You should always set up with a single point of entry and exit from the house. We put a card or other small table & chair at the front door where the cashier (me) can greet people entering and collect money from people exiting. This will help reduce your chance of theft.
When everything is tagged with a price, collecting money is easy. I write down all of our sales in a notebook by date, item and amount collected. That way I know exactly how much money was made and on what. I recommend accepting cash and credit cards only (Square and PayPal both have mobile credit card applications.) Check with your accountant for any rules on declaring the income.
5) Pick your sale date(s). As you are working and getting an idea of time necessary to prepare for the sale, pick an upcoming weekend for the sale to take place. Make certain there aren’t any conflicting events like the Super Bowl or Easter.
Different days of the week will bring out different customers. Fridays are good for antiques dealers. They will come out to cherry pick your best items for resale. Saturdays bring out the general populous (and may be your busiest day); while Sundays are for those folks looking for the items you are almost ready to give away.
Our sales generally run Friday, Saturday and Sunday. We start early, about 8am (sometimes 7am) and end at about 3pm. We will stay late if there are customers at 3pm. We never kick anyone out at the end.
6) ADVERTISE the sale. Where do people in your area go to find out about estate, moving or yard sales? Ask around if you don’t know. Ask a friend who likes to go to garage sales or ask the local antiques dealer. The places they suggest are the places you will want to place an ad. Sometimes the ads will be free, other times you will pay $10 to $20 for a line ad. They may be in print, online or both. Have good pictures of what is for sale that you can use in the online ads.
Suggestions for advertising are Craigslist , The Penny Saver and Estate Sales.net. You may need to budget $100 or a bit more for advertising; but it is well worth the expense. Check out the submission dates for advertising. You may have a deadline of a week earlier than the ad to get your copy in, so don’t wait until the last minute. Also, don’t forget to put up signs in the neighborhood advertising the sale on each day of the sale.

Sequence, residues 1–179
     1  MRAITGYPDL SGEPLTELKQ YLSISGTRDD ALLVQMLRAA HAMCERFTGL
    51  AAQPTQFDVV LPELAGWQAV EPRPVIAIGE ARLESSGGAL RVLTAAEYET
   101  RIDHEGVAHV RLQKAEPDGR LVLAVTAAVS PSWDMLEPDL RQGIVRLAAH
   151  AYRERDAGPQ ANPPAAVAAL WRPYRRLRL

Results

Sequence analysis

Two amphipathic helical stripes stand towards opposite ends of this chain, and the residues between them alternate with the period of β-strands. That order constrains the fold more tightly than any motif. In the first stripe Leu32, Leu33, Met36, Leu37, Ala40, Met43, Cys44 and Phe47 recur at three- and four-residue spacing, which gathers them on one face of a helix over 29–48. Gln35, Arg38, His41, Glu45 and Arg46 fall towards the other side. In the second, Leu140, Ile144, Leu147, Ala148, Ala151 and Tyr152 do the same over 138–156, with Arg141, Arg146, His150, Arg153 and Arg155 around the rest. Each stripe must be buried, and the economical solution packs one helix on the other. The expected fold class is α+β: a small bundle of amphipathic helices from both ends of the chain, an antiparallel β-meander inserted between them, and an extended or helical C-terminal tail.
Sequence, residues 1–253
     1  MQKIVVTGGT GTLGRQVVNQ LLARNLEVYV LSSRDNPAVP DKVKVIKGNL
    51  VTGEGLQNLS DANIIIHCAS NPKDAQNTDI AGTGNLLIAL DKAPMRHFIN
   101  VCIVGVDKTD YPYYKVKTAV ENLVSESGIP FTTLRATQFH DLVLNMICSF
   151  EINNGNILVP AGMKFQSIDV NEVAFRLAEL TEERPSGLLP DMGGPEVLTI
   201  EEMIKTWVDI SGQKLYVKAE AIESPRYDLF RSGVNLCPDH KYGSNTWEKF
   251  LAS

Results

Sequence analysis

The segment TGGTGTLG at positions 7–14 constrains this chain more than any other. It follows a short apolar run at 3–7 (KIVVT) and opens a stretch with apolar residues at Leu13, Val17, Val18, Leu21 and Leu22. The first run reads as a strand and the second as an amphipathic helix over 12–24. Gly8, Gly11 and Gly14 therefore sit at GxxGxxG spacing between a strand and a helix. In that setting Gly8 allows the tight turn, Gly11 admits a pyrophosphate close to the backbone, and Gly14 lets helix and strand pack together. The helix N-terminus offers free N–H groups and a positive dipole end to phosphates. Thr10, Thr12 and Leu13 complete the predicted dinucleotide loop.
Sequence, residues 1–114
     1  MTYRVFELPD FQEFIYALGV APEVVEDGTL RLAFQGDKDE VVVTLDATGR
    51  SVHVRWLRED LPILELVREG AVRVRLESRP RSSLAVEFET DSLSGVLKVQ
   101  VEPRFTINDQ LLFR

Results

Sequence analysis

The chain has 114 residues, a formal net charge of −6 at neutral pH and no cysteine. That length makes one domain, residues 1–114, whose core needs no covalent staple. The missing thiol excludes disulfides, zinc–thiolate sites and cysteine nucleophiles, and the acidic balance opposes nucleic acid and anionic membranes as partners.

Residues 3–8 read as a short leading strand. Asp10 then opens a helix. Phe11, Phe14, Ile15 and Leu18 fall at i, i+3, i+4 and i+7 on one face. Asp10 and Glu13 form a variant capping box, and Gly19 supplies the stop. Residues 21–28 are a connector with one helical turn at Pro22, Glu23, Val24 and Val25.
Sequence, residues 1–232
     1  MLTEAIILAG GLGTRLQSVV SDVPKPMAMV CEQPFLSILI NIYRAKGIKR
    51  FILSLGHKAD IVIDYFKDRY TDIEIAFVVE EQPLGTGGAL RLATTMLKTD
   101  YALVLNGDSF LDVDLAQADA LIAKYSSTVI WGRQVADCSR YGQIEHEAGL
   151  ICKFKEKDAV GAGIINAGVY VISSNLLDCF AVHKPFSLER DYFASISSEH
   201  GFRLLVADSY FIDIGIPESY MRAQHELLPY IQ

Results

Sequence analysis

7) Prepare your tools for the sale day. I’m referring to things you might need during your sale. You have already anticipated the opening cash you will need to complete transactions, but don’t forget the other stuff. What could that include?!?
You will need some office supplies like scotch tape, pens, markers, paper and scissors. You’ll also want to remember water, snacks and/or lunch. Is it going to be cold? You might need a sweater or on the other hand maybe a hat to shield your head from the sun. Need suntan lotion? Think it through. Nothing worse than needing something you can’t go out to get.
8) D-Day is here. The night before the sale, leave a clipboard, paper and pencil at the front door. The clipboard is there so that early arrivals (there may be many) can sign the sheet. If you have an over abundance of eager beavers, the list will help you manage the number of people in the house on a first come, first serve basis.
Before you let people in, get inside. Turn on all the lights and open the cupboards and closets. Be certain your exits are closed and the only one open is where the cashier is. Keep anything small and valuable (jewelry) close to the cashier. (It is easy to have these things stolen. Even right in front of your face.)
9) What do I do with the leftover contents? Pack it up and give a call to a local charity like Salvation Army . Another good choice is Habitat for Humanity . They will accept, and often pick up, household items including furniture. You may also have some local charities you may wish to support be they a church or temple or even a homeless or other charity. You can also take a tax deduction for your donation.
We have made between $3,000 and $10,000 (or more) on a good weekend. Do your preparation and have fun. BUT. It is a tremendous amount of work and you may find it worth your while to hire an outside firm. Like Studio Antiques 😉
Tags: church sale, Craigslist, do it yourself estate sale, estate sale, EstateSales.net, garage sale, Habitat for Humanity, house clearance, kitchenalia, moving sale, PayPal, rummage sale, Salvation Army, Square, tag sale, terapeak, The Penny Saver